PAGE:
As with the past few chapters, Moore again offers up a very different text pieces as a means to flesh out this chapter’s narrative. With Chapter VI focusing on Dr. Malcolm Long’s attempt to rehabilitate Walter Kovacs (Rorschach), it is only fitting that we should get a glimpse into the file Long had on his infamous patient. We get the police report, a summary of Kovacs’s life from the New York State Psychiatric Hospital, two essays – with accompanying artwork – from Kovacs’s time at boarding school, a photo of a young Kovacs, and a note from Dr. Long expressing his enthusiasm to commence his work with Kovacs. These shreds of Kovacs’s personal history, like the moments chosen in the main narrative by Moore & Gibbons, provide, when combined, a relatively broad view of Kovacs.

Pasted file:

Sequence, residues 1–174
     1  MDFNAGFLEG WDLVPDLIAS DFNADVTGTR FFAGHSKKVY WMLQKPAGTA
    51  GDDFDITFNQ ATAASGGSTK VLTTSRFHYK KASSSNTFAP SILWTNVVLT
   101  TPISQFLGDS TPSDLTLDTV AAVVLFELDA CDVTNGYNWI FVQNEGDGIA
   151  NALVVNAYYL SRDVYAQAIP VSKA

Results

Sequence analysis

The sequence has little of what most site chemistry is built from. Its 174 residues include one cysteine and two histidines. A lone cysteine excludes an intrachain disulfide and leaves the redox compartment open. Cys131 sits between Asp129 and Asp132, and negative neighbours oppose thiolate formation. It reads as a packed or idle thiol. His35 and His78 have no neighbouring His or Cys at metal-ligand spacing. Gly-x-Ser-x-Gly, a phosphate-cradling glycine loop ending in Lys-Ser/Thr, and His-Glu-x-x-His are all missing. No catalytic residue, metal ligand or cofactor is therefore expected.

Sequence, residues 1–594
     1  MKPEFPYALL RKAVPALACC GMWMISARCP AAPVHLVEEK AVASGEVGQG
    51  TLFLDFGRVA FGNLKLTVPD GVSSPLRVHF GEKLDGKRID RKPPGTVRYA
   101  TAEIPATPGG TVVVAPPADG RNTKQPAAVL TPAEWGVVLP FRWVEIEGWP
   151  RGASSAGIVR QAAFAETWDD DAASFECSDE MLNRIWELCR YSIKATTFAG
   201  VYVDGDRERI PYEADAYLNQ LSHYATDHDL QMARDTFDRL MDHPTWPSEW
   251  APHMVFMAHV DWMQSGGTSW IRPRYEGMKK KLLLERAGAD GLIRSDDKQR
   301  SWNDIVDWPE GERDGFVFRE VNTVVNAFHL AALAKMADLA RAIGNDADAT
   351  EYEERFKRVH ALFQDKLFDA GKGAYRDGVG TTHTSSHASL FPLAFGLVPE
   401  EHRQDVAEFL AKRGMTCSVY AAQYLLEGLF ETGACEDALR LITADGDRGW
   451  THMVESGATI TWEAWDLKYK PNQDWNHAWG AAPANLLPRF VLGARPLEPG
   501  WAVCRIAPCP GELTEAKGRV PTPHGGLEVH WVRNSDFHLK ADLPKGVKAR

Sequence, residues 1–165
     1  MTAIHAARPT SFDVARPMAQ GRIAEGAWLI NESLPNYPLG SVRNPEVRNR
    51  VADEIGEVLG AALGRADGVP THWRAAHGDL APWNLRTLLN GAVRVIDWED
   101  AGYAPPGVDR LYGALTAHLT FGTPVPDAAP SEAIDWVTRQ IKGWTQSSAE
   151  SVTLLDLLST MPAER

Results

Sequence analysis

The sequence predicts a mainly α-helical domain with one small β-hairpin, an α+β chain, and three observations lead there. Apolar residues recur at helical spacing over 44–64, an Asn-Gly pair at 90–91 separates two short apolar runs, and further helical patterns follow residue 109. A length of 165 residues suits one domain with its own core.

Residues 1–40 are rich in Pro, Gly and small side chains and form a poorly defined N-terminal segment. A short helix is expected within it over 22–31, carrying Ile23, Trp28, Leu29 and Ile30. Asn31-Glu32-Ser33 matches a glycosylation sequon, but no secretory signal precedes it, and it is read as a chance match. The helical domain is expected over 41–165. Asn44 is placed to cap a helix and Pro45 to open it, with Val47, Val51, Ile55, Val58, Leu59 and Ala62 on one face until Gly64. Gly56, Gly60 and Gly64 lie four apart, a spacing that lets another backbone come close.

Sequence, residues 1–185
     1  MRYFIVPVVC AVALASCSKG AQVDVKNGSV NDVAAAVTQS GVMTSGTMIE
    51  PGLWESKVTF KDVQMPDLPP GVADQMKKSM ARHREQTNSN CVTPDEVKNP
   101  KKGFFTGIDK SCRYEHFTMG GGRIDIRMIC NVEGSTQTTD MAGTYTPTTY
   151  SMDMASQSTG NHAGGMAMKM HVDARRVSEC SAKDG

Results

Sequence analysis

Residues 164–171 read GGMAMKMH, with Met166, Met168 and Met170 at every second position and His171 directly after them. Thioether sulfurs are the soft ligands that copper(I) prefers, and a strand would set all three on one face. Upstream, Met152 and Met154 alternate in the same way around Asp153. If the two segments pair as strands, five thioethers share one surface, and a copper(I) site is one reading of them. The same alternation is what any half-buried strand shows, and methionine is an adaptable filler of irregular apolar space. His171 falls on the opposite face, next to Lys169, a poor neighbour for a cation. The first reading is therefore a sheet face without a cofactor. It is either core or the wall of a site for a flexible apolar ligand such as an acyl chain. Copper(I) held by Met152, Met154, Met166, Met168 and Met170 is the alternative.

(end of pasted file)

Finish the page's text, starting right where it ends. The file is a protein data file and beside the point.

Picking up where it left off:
Most of what is found on these few pages speaks for itself, recounting – and in some instances expanding slightly – events already seen in the main chapters of the story. But there are a few things of note that can be taken away from these documents. The essay title, “Dream 5/27/63” and the accompanying artwork emphasize how scarred Kovacs was by his mother’s prostitution. The second essay, “My Parents,” provides better insight into Kovacs’s fixation with President Truman – attributing it to his father, as recounted by his mother. Of course, realizing that President Truman did not take office until a few years after Walter’s father had already left, one must question his mother’s motivation for sharing such a fallacy with her son. She could have been confusing Kovacs’s father with one of her johns, or it might have been fabricated on a drunken whim. You can draw your own conclusions as to that, but it’s these little pieces of humanity (even the sadder parts of humanity) that add depth to even the most minor characters in this story. And the police report provides the names of the detectives working this case, Detectives Fine and Bourquin, who have gone nameless up to this point.